DIY Leonardo da Vinci Popsicle Stick Bridge model
Updated: Aug 10, 2020
In this video, I made a model of Leonardo Da Vinci Bridge with the help of popsicle sticks.
What is Leonardo Da Vinci Bridge?
In the early 1500s, Leonardo da Vinci designed a hypothetical bridge for the Sultan of the Ottoman Empire. It was rejected.
Over 500 years later, an MIT team has recreated the design with a model and have shown that it would have worked.
Da Vinci's design incorporates architectural techniques that would have not been seen for another 300 years.
Researchers at MIT have proven Leonardo da Vinci correct yet again, this time involving his design for what would have been at the time a revolutionary bridge design. Although clients rejected da Vinci's work at the time, over 500 years later, the researchers have proven that his bridge would have worked.
Da Vinci's sketches and letters to the Sultan regarding the bridge can be found in what's known as Manuscript L, a small Codex stored in the Institut de France in Paris. Da Vinci wrote that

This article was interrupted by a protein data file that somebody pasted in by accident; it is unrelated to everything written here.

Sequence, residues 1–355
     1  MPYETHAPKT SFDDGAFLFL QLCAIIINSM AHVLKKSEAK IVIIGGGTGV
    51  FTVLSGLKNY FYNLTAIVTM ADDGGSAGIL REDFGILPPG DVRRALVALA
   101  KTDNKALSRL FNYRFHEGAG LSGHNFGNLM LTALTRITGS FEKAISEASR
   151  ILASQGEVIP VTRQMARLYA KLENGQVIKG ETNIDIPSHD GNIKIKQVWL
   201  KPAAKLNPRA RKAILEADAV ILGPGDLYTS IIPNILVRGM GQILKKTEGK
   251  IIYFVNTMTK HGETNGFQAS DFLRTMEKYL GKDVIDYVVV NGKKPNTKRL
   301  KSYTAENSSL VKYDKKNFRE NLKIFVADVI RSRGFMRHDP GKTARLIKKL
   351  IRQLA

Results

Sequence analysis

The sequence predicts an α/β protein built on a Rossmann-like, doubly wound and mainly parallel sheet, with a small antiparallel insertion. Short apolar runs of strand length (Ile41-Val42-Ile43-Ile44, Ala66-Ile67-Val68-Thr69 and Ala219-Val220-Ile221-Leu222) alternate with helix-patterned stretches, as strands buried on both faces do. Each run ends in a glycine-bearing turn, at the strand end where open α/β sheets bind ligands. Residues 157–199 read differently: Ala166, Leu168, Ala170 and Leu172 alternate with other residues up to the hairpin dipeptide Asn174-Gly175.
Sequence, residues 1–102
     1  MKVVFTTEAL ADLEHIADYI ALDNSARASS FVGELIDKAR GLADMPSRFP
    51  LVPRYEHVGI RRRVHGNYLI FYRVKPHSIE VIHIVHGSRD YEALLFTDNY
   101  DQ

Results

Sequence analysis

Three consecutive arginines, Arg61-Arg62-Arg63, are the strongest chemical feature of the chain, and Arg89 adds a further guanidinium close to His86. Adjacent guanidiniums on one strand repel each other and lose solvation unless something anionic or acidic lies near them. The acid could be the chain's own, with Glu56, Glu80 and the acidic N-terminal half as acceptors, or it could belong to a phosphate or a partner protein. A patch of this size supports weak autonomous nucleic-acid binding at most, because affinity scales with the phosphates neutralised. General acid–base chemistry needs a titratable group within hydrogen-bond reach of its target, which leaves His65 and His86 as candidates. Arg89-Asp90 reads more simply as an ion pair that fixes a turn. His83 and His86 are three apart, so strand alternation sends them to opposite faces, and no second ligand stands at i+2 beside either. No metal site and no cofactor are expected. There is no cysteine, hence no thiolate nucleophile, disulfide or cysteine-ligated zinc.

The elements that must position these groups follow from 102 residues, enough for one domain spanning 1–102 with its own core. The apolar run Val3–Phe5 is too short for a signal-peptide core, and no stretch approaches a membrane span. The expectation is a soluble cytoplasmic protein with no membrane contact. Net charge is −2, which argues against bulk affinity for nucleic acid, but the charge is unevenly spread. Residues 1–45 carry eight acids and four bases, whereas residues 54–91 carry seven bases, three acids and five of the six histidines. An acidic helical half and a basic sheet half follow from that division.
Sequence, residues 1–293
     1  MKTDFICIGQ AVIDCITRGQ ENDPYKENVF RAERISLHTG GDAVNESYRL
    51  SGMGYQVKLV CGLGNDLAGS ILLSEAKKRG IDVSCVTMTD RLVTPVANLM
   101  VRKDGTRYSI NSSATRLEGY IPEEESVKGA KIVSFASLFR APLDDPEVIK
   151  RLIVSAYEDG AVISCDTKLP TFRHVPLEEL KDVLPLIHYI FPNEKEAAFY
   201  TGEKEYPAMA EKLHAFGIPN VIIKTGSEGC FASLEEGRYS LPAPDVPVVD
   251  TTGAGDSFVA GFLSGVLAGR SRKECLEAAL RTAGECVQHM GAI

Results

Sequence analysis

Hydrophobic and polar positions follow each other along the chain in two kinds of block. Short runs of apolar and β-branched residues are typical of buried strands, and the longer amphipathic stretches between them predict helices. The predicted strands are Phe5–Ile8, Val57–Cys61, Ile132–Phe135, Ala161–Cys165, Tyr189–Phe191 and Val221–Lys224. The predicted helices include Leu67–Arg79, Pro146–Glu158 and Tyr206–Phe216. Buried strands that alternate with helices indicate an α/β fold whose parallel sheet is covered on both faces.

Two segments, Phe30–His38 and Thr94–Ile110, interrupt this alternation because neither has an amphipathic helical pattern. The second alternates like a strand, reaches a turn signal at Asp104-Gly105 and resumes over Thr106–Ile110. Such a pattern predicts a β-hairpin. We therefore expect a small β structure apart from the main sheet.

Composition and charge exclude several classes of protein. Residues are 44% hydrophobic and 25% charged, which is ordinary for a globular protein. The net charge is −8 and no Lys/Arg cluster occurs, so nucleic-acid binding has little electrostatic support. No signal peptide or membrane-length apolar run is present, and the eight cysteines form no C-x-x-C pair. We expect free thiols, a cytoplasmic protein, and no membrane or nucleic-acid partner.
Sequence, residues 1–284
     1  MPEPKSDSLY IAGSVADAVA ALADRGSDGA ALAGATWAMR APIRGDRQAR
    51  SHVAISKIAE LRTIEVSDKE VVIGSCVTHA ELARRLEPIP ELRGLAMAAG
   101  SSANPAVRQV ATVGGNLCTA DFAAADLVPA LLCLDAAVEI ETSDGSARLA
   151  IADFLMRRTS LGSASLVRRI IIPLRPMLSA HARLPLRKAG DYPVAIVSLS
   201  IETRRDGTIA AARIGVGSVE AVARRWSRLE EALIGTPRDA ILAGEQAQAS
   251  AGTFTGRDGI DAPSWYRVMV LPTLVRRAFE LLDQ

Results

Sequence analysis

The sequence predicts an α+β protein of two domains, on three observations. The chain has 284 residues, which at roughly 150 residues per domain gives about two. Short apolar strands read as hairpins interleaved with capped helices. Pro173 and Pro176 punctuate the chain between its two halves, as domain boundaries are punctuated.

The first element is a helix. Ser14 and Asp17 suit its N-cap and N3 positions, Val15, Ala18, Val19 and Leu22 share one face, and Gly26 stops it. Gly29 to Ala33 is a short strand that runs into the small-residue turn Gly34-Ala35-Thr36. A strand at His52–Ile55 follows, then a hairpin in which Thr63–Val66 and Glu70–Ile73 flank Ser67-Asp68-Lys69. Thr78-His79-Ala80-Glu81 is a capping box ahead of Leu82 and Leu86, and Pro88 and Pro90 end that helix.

I, your faithful servant, understand that it has been your intention to erect a bridge from Galata (Pera) to Stambul… across the Golden Horn (‘Haliç”), but this has not been done because there were no experts available. I, your subject, have determined how to build the bridge. It will be a masonry bridge as high as a building, and even tall ships will be able to sail under it.
"It's the power of geometry" that makes it work, she says. "This is a strong concept. It was well thought out." Further tests showed that the bridge could have even stood its own against earthquakes to an extent far beyond other bridges at the time.
There are still mysteries surrounding the project. "Was this sketch just freehanded, something he did in 50 seconds, or is it something he really sat down and thought deeply about? It's difficult to know."
While it's difficult to know da Vinci's intentions, one thing is now relatively certain: the bridge would have worked. (SOURCE - Popular Mechanics)
Now, in this video, I tried to do the same experiment but instead of 3D printing the model (which is actually not in my financial reach) I used the world-class technology for that which is popsicle sticks.
It is really fun trying these kinds of projects on your own. You must try as well.